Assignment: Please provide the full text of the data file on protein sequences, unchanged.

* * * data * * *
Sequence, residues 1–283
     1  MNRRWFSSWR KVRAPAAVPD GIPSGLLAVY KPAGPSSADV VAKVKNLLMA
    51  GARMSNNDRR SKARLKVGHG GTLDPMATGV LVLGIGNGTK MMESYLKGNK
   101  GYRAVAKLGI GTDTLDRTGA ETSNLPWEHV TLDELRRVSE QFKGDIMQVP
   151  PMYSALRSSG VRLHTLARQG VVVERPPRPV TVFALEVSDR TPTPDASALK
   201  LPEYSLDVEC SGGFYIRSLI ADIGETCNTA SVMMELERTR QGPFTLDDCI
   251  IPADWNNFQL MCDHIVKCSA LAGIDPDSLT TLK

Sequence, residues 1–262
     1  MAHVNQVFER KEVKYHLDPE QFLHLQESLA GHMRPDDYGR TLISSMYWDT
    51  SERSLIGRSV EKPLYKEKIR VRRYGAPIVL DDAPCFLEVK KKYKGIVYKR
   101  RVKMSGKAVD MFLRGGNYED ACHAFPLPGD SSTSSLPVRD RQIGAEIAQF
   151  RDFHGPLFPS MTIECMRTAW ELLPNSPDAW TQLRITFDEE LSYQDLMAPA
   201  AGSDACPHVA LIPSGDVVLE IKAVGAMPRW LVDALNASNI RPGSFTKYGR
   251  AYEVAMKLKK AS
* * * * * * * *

Sequence, residues 1–283
     1  MNRRWFSSWR KVRAPAAVPD GIPSGLLAVY KPAGPSSADV VAKVKNLLMA
    51  GARMSNNDRR SKARLKVGHG GTLDPMATGV LVLGIGNGTK MMESYLKGNK
   101  GYRAVAKLGI GTDTLDRTGA ETSNLPWEHV TLDELRRVSE QFKGDIMQVP
   151  PMYSALRSSG VRLHTLARQG VVVERPPRPV TVFALEVSDR TPTPDASALK
   201  LPEYSLDVEC SGGFYIRSLI ADIGETCNTA SVMMELERTR QGPFTLDDCI
   251  IPADWNNFQL MCDHIVKCSA LAGIDPDSLT TLK

Sequence, residues 1–262
     1  MAHVNQVFER KEVKYHLDPE QFLHLQESLA GHMRPDDYGR TLISSMYWDT
    51  SERSLIGRSV EKPLYKEKIR VRRYGAPIVL DDAPCFLEVK KKYKGIVYKR
   101  RVKMSGKAVD MFLRGGNYED ACHAFPLPGD SSTSSLPVRD RQIGAEIAQF
   151  RDFHGPLFPS MTIECMRTAW ELLPNSPDAW TQLRITFDEE LSYQDLMAPA
   201  AGSDACPHVA LIPSGDVVLE IKAVGAMPRW LVDALNASNI RPGSFTKYGR
   251  AYEVAMKLKK AS